Consequently, she didn’t write much about difficulties living in Yonkers. Nor did she feel racially mistreated, albeit discrimination against Asian Americans during WWII was pervasive. I’m not ruling out that she might have mentally blocked out negative experiences in America. But when she had to move from her parents’ house in Yonkers to smaller accommodations in South Yonkers and transfer to a new high school, she was completely lost, as she was when she left America to return to China, via India, on V-E Day 1945. I’d say she felt more at home in America than anywhere else in the world, including China. That irony is on full display in Book Two, which will be released in 2022.

The Yonkers High Sixth-Grade Graduation

In 1949, Chairman Mao took control of mainland China. How did her life change?

Things didn’t change that drastically when Mao Tse-dung took control of Mainland China. The scenes had been far more dramatic when the Japanese Imperial Army invaded my mother’s town of Kiukiang in World War II. Despite the tense and fearful anticipation of the Communist takeover, everything appeared calmer and more orderly than it had been under Chiang Kai-shek’s National Republic regime. If there were any changes to my mother’s immediate surroundings, they were subtle and manageable at first. Her father’s Water of Life Hospital stayed open and functional, and my mother continued to attend the same high school, completing her senior year. Most importantly, my mother was still living with her family at home, which may have given a false sense of normalcy. 

But with the onset of the Korean War—a conflict between the U.S. and China—things turned ugly quickly. Her American parents had to flee China, even without fetching my mother from college, and anti-American fever burned across the land. From my mother’s perspective at the time, the Korean War was what destroyed everything. Her family was the most important pillar of her life, as she could live anywhere so long as her parents were near. Of course, anti-Western imperialism and anti-Americanism, and cultural destruction were coming, and it was just a matter of time. But the Korean War sped up the process. 

Myself on Mt Lu Gu Ling Mountain (庐山–牯岭) 2016

What changed with the outbreak of the Korean War?

For my mother, the Korean War was a turning point in her life because she was permanently separated from her parents. I learned about her feelings when we watched M*A*S*H* together, a classic TV sitcom that mesmerized her. 

The Korean War took place at the onset of the Cold War and cemented the reality of the split between the Soviet Union and China on the one hand and America and its allies on the other. The war became the first major battle between these ideologies. While respecting the military bravery on both sides and the horrible civilian “collateral damage,” my mother felt it was one of the most meaningless wars in human history. For starters, she found it ridiculous that Korea, still a Japanese colony, was divided at the end of World War II by the ally victors without asking the Korean people how they felt about it.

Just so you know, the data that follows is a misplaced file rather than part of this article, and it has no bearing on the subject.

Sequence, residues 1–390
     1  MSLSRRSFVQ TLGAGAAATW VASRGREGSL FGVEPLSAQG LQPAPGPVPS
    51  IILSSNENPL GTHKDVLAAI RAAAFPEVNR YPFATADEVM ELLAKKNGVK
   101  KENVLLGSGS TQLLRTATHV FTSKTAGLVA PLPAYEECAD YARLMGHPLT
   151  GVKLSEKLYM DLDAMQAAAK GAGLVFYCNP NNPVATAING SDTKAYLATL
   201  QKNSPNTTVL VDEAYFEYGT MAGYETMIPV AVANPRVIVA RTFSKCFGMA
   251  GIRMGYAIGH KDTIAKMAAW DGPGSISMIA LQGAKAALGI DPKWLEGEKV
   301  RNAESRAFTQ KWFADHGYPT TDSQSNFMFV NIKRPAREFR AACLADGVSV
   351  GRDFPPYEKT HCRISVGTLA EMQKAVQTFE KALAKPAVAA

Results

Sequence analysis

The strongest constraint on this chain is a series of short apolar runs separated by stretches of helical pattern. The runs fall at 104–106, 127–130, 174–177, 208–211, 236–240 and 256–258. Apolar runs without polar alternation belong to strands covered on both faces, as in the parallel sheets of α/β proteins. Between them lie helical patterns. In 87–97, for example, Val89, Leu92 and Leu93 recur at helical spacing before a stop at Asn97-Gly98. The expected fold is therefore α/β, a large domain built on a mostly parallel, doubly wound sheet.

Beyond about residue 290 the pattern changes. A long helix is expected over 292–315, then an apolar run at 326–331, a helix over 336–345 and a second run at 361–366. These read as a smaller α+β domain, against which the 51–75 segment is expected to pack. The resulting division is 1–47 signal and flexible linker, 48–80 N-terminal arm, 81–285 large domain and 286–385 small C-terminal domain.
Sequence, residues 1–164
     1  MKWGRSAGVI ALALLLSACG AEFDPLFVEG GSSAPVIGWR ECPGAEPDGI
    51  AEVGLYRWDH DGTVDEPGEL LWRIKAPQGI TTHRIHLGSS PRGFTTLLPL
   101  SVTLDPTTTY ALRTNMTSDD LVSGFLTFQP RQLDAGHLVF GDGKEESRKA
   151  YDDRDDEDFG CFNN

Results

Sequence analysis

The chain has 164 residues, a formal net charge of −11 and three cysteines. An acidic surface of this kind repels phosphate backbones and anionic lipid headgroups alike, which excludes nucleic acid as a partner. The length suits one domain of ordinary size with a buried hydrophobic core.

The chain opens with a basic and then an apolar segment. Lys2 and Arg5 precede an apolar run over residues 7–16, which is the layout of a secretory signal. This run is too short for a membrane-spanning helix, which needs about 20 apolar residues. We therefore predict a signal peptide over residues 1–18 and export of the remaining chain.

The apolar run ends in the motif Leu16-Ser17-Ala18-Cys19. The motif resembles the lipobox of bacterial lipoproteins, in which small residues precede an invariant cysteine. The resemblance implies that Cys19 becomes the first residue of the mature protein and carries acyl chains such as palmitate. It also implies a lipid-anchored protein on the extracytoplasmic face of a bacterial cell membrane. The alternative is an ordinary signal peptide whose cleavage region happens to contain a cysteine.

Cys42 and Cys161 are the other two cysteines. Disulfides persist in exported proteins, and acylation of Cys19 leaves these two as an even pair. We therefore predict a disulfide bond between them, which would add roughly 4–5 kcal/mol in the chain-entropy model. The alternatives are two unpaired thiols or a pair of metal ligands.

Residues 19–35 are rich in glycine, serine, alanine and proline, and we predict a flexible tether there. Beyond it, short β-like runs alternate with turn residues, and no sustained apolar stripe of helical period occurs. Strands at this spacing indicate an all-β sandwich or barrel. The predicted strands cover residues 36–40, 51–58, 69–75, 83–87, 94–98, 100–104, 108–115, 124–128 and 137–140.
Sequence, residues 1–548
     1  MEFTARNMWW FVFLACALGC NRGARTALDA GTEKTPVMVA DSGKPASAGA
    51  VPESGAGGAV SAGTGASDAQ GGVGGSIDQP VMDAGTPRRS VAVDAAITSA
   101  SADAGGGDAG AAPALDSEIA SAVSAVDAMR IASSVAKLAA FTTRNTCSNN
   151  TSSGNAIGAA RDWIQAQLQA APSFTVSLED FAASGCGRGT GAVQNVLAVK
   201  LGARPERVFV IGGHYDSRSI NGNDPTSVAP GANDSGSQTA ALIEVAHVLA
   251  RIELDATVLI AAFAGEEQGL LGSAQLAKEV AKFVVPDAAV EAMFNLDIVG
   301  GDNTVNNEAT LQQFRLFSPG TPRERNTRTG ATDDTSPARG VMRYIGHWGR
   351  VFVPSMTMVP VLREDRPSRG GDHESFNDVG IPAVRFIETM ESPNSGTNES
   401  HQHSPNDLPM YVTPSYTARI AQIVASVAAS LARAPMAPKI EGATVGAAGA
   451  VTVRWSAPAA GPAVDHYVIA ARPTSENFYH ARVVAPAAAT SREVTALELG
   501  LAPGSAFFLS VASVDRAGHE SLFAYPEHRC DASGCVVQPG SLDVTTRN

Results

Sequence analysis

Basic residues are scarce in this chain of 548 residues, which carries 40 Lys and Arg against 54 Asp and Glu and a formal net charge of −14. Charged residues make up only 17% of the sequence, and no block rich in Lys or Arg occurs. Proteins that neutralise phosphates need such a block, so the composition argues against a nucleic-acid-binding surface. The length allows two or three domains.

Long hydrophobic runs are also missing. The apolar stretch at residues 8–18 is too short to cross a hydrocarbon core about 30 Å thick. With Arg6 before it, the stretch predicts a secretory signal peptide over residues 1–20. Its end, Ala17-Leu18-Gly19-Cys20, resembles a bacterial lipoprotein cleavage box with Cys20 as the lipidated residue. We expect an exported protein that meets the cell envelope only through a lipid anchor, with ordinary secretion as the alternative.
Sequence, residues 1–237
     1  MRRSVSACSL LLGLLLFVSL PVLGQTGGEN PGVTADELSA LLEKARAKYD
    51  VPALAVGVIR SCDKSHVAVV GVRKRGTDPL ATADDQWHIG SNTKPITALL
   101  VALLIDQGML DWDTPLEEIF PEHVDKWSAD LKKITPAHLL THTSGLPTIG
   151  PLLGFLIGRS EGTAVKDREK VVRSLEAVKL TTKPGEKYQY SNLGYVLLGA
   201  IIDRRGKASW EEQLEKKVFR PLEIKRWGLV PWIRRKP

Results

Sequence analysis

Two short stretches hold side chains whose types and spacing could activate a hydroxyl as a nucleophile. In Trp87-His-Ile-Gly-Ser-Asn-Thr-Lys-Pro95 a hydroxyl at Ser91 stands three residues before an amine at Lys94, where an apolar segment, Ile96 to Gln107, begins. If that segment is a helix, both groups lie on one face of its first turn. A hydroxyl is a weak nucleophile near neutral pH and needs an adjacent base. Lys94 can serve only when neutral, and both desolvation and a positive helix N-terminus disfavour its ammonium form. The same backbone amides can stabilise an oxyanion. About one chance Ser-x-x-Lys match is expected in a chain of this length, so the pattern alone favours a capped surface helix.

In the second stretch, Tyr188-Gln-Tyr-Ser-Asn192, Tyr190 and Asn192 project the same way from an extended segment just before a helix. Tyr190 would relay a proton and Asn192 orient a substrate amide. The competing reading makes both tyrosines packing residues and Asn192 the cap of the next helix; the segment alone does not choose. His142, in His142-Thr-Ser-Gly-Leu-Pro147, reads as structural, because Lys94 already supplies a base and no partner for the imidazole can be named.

Spring Flower A Tale of Two Rivers interview
Dr. Perkins at the Morning Clinic

With its communist leader Kim Il-Sung, the North came under Soviet Union’s trusteeship, while America oversaw the South. When an overconfident Kim led his Korean People’s Army and crossed the 38th parallel, thinking both Stalin and Mao Tse-tung had his back, America and a highly biased UN intervened for the South, even though it was led by an equally ruthless dictator, Syngman Rhee. With the ever-increasing fear of communism, preserving South Korea and its strategic importance in the Pacific was not enough. The American-led UN forces pushed the war front to China’s doorstep. And Mao gladly accepted the challenge, still fuming that the Americans had assisted Chiang Kai-shek’s Republic Government in the Chinese Civil War. He wanted to show the world that his new China, even with undernourished, war-fatigued, tattered peasant-soldiers, could match the vastly superior, modern U.S. military forces. And he was not deterred, even when realizing Stalin would stand by and watch. 

Jean Tren-Hwa Perkins in Boston working at Mass General Hospital

We all know what happened. A slaughter-fest turned into an ugly stalemate that involved two dozen countries on a tiny peninsula where none of the major opposing sides lived or spoke the language. It was an internal conflict between Korea’s North and South and had nothing to do with East and West but became an international battle for supremacy at the expense of millions of young men my mother’s age on both sides. 

The war was really between China and America, and my mother, a nineteen-year-old college freshman, was caught in the crosshairs. The war ended my mother’s privileged life and charmed childhood. It was an extreme wake-up call, and she had to grow up fast.

When will the second volume come out?

The second volume is being edited, and we hope it would be available by early 2022.

Jean Tren-Hwa Perkins standing by Charles River

Last Updated on 2022/09/16